Question: Who can resist Walter Giesekingís Schumann? Answer: Surely not I! Gieseking recorded the work several times, so one then has to decide which one (or many) to get and hear. Right now I only own two of his recordings, and at this point I decided to give his 1949 recording with Kurt SchrŲder and the Hessischen Radio Symphony Orchestra a spin. It wasnít really a random choice. Based on the three recordings I have from this particular team, I must say that they really work well together. Their Debussy Fantasie and de Falla Nights in the Gardens of Spain are both superb and make me listen much more closely than normal for those works. (And wouldnít you know it, this soloist / conductor team has recorded many more works, including the Grieg concerto, three (!) Mozart concertos, and even some Walter Piston.) Anyhoo, this recording is, in a word, Smokiní! It opens in quick and pointed fashion, and Giesekingís return is magical in a way only he can muster Ė all effortless grace and nonchalance and pianistic goodness. Throughout the first movement, Gieseking will explode and accelerate with astonishing speed, precision, and power, and SchrŲder is in perfect accord. As much as this reading is about speed and a near white-hot intensity, Gieseking shows that, if he wants, he can play slowly with the best of them. Between about 1í55Ē and 2í22Ē, he delivers each and every note with perfectly judged weight, color, and drama. And when it comes time for those telling moments of this concerto, thereís much to savor. Both players grace the first piano-oboe exchange with some especially appealing rubato, and if itís not as overtly emotional as other versions, it still does the trick. Then listen from 4í21Ē, where Gieseking uses his left hand to provide a solid yet soft accompaniment for both the orchestra and for his own dreamy right hand playing. And then he just explodes again. This reading is definitely one of stark contrasts, with heated passion mixing with wistful tenderness and innocent dreaminess, all in perfect proportions. The second piano-oboe exchange offers something a bit different form the first time around; it sounds teasing and flirtatious. Then the cadenza, dashed off with Giesekingian brilliance, is a sort of summation of all things Schumann. The second movement opens in slow, dreamy fashion, and yet retains a sense of sleepy playfulness. One just wants to sit back, relax, and listen, but Good Lord, the piano-cello interplay is so damned good that one must sit up to hungrily take it all in. (Can one detect just a hint of eroticism in the playing? Methinks so.) Then, near the end, Gieseking and his cohorts slow things way down, and it sounds amazing, and even with its slowness, the musical line is easily held. The finale bursts into action, with Gieseking just dashing off the notes with abandon. As usual, SchrŲder is there to aid things just so. This here closing movement is mercurial, of-the-moment, impassioned, and elegantly colored and played. Hot Damn! This hereís one for me. And the ancient radio tape recording actually sounds decent. Sweet!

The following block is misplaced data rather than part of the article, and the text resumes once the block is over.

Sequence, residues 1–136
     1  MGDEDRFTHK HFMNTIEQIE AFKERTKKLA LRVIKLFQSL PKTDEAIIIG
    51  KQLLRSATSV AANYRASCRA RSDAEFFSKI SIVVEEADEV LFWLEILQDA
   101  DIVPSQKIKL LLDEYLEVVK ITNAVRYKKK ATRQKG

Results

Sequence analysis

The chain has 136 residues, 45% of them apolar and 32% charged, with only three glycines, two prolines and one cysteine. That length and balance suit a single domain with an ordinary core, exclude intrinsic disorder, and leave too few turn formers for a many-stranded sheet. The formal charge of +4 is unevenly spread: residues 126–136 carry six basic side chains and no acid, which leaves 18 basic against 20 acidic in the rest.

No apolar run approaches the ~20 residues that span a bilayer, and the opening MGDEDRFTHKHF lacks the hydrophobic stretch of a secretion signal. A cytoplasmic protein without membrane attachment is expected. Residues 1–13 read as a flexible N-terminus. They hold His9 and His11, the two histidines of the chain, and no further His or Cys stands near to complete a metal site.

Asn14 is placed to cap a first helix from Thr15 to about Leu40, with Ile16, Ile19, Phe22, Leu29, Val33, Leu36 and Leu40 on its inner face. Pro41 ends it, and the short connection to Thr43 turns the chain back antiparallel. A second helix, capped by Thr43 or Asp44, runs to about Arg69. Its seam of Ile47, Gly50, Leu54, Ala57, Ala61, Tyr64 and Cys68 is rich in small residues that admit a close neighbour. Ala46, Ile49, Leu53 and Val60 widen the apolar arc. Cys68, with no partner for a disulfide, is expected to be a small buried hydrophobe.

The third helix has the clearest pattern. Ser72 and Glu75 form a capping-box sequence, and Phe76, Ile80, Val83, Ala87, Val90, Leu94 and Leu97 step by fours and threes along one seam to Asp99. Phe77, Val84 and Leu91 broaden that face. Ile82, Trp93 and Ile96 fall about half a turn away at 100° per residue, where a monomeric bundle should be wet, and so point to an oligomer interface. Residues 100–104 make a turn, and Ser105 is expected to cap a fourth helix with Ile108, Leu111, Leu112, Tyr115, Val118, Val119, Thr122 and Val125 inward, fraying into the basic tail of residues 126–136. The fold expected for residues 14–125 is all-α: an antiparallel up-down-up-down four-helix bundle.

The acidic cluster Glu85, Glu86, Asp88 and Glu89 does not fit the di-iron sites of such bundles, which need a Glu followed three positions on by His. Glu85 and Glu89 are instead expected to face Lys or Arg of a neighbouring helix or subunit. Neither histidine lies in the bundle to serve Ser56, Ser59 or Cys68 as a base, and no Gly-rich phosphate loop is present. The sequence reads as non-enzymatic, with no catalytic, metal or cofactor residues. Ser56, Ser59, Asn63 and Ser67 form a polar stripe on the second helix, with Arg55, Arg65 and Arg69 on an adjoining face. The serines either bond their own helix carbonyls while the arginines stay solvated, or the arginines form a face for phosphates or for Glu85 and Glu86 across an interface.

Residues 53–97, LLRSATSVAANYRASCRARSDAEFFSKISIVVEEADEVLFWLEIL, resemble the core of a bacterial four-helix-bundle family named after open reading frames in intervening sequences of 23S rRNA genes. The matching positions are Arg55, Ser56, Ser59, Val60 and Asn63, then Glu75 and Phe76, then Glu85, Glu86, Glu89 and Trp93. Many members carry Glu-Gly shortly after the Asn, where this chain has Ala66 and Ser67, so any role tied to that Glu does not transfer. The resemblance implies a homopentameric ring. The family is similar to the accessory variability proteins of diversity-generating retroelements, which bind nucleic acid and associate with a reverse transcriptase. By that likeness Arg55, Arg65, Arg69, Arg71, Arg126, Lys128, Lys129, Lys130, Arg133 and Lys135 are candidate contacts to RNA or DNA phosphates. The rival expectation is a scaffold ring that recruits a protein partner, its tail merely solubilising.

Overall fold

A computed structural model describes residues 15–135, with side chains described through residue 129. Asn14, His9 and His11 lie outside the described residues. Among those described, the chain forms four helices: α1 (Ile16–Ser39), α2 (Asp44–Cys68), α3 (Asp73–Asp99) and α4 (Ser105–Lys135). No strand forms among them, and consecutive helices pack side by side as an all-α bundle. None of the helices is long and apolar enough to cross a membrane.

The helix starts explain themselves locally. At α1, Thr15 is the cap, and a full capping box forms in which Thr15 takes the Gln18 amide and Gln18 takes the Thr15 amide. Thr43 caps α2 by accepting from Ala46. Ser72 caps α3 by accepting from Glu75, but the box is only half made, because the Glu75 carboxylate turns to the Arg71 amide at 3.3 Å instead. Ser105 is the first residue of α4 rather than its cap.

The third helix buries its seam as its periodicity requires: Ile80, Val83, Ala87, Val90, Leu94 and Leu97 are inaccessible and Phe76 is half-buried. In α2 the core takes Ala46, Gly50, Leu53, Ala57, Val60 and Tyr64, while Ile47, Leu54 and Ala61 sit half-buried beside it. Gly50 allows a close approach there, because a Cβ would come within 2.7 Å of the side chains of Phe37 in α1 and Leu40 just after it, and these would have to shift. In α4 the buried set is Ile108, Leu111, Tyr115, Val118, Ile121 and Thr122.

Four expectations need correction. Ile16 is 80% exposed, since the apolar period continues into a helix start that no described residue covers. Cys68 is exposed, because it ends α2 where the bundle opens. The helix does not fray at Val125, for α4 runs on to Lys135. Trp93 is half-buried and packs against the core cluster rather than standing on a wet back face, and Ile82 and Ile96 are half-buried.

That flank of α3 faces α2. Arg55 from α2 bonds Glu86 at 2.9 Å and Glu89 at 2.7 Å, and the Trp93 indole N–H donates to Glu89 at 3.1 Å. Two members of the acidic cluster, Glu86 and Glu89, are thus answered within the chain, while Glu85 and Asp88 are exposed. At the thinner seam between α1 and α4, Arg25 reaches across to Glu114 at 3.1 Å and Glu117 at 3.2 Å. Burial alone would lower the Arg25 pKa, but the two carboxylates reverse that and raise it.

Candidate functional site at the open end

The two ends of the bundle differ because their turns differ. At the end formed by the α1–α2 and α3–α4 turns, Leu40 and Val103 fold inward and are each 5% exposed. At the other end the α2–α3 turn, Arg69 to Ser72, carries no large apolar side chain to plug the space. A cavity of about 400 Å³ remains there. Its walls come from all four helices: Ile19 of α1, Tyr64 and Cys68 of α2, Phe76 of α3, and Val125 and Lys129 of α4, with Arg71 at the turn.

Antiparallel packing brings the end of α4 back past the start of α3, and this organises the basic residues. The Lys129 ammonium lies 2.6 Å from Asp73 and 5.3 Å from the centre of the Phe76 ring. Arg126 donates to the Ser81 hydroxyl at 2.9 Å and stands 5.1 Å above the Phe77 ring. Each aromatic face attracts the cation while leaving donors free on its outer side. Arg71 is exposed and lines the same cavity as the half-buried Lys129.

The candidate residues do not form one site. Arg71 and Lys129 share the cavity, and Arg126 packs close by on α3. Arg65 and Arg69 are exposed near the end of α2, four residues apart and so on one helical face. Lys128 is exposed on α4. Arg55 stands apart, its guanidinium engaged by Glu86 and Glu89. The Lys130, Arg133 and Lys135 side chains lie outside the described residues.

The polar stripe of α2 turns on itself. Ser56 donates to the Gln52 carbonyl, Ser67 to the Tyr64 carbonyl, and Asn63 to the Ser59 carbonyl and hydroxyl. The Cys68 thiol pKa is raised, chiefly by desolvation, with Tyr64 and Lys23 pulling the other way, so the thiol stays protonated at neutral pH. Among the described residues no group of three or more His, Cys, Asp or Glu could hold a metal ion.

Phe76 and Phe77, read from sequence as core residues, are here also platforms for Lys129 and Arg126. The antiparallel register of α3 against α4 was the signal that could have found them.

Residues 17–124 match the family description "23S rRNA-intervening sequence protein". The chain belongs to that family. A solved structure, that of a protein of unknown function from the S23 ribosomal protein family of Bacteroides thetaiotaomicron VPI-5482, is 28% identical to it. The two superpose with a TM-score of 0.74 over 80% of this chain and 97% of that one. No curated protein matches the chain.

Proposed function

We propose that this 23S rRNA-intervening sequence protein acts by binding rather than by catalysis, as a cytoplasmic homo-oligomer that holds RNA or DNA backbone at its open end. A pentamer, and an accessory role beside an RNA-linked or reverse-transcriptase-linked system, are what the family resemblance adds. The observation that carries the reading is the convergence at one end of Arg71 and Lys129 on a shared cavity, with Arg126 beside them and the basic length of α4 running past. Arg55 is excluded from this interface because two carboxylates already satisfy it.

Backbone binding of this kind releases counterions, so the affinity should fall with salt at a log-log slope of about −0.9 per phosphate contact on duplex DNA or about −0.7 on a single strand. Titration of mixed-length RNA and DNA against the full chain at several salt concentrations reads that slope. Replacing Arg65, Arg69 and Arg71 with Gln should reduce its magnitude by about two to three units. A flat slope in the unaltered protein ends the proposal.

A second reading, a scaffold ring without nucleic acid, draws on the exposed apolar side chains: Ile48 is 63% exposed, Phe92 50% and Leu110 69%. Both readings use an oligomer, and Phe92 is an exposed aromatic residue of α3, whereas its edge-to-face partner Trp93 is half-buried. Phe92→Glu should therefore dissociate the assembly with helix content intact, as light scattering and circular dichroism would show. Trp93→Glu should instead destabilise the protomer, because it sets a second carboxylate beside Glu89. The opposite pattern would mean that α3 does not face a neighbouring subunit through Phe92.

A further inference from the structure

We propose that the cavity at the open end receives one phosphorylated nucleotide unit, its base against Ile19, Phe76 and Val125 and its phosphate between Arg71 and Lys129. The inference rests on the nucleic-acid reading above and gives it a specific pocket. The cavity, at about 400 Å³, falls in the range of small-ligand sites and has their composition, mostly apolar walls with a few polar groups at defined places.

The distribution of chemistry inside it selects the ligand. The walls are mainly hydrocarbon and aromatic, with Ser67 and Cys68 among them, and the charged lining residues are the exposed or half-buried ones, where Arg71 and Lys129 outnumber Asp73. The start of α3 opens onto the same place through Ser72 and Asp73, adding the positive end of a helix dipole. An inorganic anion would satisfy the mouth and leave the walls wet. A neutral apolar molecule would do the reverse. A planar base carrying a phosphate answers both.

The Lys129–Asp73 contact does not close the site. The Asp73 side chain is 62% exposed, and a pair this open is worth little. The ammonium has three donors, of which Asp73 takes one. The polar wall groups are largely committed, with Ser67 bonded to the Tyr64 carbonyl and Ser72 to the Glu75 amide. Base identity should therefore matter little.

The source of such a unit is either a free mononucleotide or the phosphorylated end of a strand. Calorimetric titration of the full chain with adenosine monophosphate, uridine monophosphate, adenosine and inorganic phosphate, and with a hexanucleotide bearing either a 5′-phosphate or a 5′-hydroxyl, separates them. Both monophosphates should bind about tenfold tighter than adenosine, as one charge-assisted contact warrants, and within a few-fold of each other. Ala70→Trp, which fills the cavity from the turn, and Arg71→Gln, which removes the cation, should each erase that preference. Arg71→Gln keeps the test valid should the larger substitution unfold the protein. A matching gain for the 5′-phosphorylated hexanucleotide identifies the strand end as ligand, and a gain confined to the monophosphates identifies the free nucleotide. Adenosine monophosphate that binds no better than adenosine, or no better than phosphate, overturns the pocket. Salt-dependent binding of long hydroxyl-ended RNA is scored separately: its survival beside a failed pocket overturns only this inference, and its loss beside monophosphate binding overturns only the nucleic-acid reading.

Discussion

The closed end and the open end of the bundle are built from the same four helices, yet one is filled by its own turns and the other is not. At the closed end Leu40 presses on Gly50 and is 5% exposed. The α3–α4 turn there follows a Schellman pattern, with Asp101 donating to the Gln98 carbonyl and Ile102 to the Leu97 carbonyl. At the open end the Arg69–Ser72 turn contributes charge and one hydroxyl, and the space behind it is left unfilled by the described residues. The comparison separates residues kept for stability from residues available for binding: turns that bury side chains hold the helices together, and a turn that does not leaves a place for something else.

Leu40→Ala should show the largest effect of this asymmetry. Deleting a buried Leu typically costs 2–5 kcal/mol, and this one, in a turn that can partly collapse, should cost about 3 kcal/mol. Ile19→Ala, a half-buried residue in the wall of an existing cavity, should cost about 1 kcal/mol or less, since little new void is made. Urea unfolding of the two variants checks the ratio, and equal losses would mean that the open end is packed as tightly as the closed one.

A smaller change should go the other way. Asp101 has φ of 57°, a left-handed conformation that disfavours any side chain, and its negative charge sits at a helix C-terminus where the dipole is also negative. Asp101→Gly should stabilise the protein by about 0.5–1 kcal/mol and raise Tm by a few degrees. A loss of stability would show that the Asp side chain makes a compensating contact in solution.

After such an intense, passionate, and fun version, any follow-up would almost be doomed to sound stodgy by comparison. This inevitable consequence was only amplified by my choice: Krystian Zimermanís 1981 recording with Karajan and his BPO. This recording is, put simply, boring. (Itís not as bad as the dreadful Grieg Concerto filler. Good lord, itís Grieg, not Brahms!) Anyway, there are things to admire. The opening is strong and precise, from both soloist and orchestra. The orchestra play wonderfully. But everything is so meticulous, precise, and calculated, that any sense of spontaneity is crushed. Zimerman is kept under wraps, though even that canít keep him from playing with amazing nuance and control. Then, when some little important moments come up, one canít help but be disappointed. The piano-oboe exchange is limp, the oboe sounding as though it barely emerges from a fluffy cloud of sound. The slow portion with the lovely clarinet playing takes on an almost (caricatured) Rachmaninov syrupy sound. The cadenza starts slowly, and Zimerman only gradually builds up to playing of magnificent stature and technical accomplishment. The second movement fits in with the overall conception of the work, but that means its rather boring and calculated. But still, has the cello playing ever sounded lovelier? The final movement is yet another example of precision and control and beautiful sound, but it, too, lacks life and spontaneity. The concerto is turned into an orchestral showpiece, and an embalmed one at that. Blech! I had to ditch this disc.